Public access cable deserves lawmakers' help in NC

[Asheville, NC Citizen-Times editorial]

Competition usually results in lower prices and better service and products. Who can argue with that? The question is, better service and lower prices for whom?

In the case of cable television franchises, a 2006 North Carolina law passed in an effort to encourage competition could eventually mean better service and lower prices for densely populated affluent areas. It could mean poor or no service for poor or rural areas.

Cable windfall

That’s not all the Video Service Competition Act accomplished. It provided a windfall for cable companies, which will no longer have to negotiate contracts with local governments. Local governments demanded capital and operating revenue for public, education and government (PEG) channels and other benefits as a condition of granting franchises. They also required service to all areas meeting basic density requirements.

To make matters worse, the hoped for competition hasn’t materialized.

Dalton’s bill

An effort to mitigate the impact on PEG channels, sponsored by Sen. Walter Dalton, D-Rutherford, passed the Senate during the 2007 session but stalled in a House committee after significant provisions were removed from it. Despite great demand and potential economic significance, PEG channels are barely scraping by. Lawmakers should restore the provisions that were removed and pass the bill into law during the short session.

The Video Service Competition Act of 2006 made the Secretary of State the exclusive franchising authority for cable companies in North Carolina, removing the ability of local governments to negotiate their own cable franchise agreements.

The state doesn’t negotiate for PEG channel support or for installing and maintaining broadband connectivity to the Internet for schools, a benefit Buncombe County negotiated in its 2002 contract with Charter Communications.

Money to the state

Cable companies continue to pay state sales tax, which amounts to 6.75 percent of revenue. But while the companies paid 5 percent to local governments and the remainder to the state before the new law went into effect, they now pay the entire amount to the state.

The law was designed to be revenue neutral for local governments using a complicated formula that was intended to pass the 5 percent back to them.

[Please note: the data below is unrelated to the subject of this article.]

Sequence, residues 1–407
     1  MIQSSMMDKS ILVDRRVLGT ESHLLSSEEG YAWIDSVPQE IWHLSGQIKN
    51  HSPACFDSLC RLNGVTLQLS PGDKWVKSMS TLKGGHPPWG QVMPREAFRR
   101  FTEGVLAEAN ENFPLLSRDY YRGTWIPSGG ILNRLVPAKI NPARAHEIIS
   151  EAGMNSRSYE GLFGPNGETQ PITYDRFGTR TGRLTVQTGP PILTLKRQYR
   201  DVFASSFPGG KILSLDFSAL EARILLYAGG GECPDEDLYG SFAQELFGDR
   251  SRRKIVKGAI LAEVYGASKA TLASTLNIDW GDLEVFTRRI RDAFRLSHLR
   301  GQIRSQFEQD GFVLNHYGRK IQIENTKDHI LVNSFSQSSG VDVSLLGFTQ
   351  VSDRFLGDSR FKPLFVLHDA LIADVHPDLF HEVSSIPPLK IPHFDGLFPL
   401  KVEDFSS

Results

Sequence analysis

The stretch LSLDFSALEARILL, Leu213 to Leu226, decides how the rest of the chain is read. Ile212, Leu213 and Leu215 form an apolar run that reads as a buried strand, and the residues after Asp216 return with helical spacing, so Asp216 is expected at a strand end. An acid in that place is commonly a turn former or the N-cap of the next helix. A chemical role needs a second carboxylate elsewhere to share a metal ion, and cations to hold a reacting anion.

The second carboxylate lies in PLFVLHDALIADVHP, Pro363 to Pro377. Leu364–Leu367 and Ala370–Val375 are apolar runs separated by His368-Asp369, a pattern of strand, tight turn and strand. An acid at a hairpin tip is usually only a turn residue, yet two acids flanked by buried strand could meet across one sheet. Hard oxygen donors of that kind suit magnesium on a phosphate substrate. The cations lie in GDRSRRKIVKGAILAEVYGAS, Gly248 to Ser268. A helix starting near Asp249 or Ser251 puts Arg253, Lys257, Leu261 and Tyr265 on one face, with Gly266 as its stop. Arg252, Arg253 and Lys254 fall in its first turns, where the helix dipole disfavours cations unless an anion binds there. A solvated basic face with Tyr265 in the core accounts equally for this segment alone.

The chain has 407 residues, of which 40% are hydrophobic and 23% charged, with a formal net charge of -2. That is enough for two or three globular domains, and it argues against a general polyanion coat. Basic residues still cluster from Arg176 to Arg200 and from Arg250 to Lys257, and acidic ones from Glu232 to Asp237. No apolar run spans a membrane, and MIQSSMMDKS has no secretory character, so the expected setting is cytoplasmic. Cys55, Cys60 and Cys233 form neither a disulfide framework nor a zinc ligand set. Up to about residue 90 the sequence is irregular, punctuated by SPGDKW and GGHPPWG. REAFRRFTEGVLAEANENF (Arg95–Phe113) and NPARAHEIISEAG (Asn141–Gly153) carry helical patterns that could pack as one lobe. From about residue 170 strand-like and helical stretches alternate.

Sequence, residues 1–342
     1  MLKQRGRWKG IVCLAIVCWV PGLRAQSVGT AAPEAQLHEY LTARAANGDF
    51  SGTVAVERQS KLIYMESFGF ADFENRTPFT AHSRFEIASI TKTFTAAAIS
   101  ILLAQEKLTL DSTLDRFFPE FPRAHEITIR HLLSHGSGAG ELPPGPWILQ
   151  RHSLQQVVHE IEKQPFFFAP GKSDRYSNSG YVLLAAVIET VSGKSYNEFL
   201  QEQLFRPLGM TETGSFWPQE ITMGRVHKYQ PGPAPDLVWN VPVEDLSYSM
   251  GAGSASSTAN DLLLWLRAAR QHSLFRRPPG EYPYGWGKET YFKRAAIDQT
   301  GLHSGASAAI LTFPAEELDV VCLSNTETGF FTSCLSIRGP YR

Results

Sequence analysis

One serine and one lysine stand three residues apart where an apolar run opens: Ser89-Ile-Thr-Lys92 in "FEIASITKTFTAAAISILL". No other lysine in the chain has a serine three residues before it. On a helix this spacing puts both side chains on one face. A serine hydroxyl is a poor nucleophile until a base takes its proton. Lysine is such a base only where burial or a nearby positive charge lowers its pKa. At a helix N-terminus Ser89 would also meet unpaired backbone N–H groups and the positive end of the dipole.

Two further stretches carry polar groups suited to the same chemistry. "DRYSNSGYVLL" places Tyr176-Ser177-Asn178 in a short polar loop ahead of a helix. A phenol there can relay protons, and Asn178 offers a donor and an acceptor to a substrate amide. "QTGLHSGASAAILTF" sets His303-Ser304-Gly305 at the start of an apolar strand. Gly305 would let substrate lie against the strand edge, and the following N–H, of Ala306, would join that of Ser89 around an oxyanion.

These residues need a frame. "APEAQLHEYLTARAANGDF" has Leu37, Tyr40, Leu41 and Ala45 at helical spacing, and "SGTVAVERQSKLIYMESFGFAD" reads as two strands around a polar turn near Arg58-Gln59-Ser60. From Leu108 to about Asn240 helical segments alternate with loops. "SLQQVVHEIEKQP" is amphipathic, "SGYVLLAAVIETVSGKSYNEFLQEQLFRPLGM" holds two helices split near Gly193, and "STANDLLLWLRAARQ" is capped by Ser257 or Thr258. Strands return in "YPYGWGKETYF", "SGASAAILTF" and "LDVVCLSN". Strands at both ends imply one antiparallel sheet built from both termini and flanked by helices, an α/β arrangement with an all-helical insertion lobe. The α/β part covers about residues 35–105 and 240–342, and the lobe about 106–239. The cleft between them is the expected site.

But the money for the first quarter, distributed to local governments on June 15, was considerably less than the amount they had been collecting. That was apparently because of start-up difficulties. The second quarter funds, due in September, should be closer to the amount local governments were receiving from the cable companies.

Contracts continue

As long as no other company seeks a contract to provide cable to a given city or county, contracts that have already been negotiated continue in force. That means Charter will continue to pay about $80,000 annually in ongoing support for the county’s PEG channels until its contract expires in 2012, or AT&T, the only likely competitor, goes after a contract to serve the county.

If a competitor seeks to serve the county, Charter can terminate its contract and pursue a state contract, which basically means filing out the proper paperwork. Under a state contract, neither Charter nor any competitor, if there is one, is obligated to provide service to an area that is not economically attractive.

Bad legislation

It was a bad piece of legislation pushed by the phone companies, which didn’t want to negotiate with local governments. Yet, they have so far failed to take advantage of the opportunity the new law, which took effect Jan. 1, affords them.

In fairness, the law attempted to compensate for PEG money by setting up a $2 million fund to which they could apply for grants. But there were more PEG channels than anticipated, and the fund is wholly inadequate.

Dalton’s bill, which is co-sponsored by Sen. Martin Nesbitt, D-Buncombe, would have increased the fund to $7 million and created two additional funds of up to $5 million each, depending on revenue growth in franchise taxes. One would have provided additional funding for PEG channels and one would have provided broadband connectivity grants.

The two additional funds were stripped out of the bill in the House.

Dalton’s bill recognizes the importance of PEG channels and of extending broadband service to every part of North Carolina. It would help to compensate for a very bad law that, in the long run, appears likely to do far more harm that good.

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